Nihat’s determination is admirable, “I know my limits” and “if I thought that I wouldn’t be able to do it, I wouldn’t be resilient,” he says. His parents were supportive but there was nobody to guide him about how to get there. He is also philosophical about his first audition. “Not winning that day, didn’t mean failure; it just meant that it is not your day. It is someone else’s day. It’s about not giving up.”
He’s been busy in Cyprus too, while carrying on a freelance career in the UK. He has been leading the ‘TRNC Presidential’ Symphony Orchestra, formed from scratch eight years ago. Nihat was on a mission, symphonic and polyphonic music “has to be part of our daily lives to give us a more diverse cultural scene; a chance to interact with different artists from the rest of the world.” The orchestra staged its their first concert in 2015.
In the meantime, Nihat and Greek Cypriot oboe player Natalie Neophytou formed the Cyprus Chamber Orchestra, the first bi-communal classical music orchestra on the island. Before Covid, they played regularly together, and collaborated with the Berlin Philharmonic Orchestra during its visit to Cyprus. “The different orchestras on the island were feeding each other artistically and broadening opportunities to play in different settings.” Nihat believes this provides a great example to politicians to show what opportunities the arts can bring for people to come together. He hopes that the Cyprus Chamber Orchestra will be able to perform this summer.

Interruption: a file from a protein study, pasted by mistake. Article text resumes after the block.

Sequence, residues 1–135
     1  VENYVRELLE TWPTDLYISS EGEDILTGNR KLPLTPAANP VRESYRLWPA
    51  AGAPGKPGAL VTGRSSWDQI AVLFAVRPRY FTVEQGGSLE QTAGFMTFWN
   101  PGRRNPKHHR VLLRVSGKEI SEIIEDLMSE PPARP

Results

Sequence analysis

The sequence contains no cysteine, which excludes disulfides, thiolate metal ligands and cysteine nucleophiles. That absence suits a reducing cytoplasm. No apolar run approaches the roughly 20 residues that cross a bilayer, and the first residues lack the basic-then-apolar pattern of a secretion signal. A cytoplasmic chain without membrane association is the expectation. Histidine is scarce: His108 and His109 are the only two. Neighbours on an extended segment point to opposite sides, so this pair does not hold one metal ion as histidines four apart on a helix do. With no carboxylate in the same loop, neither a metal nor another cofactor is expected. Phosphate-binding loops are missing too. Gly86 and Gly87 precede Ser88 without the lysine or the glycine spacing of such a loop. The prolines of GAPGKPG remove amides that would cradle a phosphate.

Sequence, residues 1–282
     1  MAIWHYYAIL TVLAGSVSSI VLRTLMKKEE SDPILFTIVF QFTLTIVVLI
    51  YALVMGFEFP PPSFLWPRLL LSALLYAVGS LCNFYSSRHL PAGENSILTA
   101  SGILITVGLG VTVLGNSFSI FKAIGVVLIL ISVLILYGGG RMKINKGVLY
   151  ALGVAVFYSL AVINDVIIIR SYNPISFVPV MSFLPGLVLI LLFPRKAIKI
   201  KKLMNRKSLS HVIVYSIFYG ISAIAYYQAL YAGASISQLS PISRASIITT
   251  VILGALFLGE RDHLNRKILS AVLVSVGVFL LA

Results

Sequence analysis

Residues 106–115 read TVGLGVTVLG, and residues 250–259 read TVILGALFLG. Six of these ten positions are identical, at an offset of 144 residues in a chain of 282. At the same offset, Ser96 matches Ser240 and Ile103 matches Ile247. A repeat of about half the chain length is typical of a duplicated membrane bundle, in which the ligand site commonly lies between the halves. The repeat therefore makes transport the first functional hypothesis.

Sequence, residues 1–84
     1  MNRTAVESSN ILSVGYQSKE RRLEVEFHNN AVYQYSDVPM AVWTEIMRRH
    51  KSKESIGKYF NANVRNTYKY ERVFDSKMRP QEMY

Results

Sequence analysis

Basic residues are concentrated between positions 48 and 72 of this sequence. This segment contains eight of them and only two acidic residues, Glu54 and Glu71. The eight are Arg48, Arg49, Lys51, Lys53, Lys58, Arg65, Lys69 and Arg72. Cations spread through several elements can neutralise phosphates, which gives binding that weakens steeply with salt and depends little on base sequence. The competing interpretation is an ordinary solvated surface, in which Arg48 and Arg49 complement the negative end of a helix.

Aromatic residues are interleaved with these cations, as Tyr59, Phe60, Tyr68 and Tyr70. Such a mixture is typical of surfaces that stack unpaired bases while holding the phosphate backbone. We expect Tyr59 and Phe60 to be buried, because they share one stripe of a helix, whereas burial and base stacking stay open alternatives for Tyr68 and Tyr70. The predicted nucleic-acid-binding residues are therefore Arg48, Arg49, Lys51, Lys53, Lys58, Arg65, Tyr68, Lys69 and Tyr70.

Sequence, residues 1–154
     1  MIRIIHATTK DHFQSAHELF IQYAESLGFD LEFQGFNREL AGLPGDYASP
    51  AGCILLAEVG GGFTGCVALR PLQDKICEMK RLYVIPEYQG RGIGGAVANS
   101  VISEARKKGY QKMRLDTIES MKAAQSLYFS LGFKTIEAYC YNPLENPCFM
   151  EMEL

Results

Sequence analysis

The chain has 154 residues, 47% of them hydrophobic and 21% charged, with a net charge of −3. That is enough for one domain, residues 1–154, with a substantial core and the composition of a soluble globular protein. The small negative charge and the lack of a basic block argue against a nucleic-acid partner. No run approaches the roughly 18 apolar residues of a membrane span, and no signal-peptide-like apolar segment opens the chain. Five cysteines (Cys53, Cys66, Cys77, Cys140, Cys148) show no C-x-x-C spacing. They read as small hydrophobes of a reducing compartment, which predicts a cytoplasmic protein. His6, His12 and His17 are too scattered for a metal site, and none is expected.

But it can be an uphill struggle as, according to Nihat, the political climate in the region is not really supportive of bicommunal interactions. Any time there is an election, and there have been many in recent years, “the Cyprus issue is always a hostage of these events”. And “the international community loses interest, because we often forget as Cypriots, that we are not the centre of the world.”
And it is an issue that also impacts the music scene. This was particularly true during the pandemic: “It gave an excuse to politicians to shut” the crossing point.”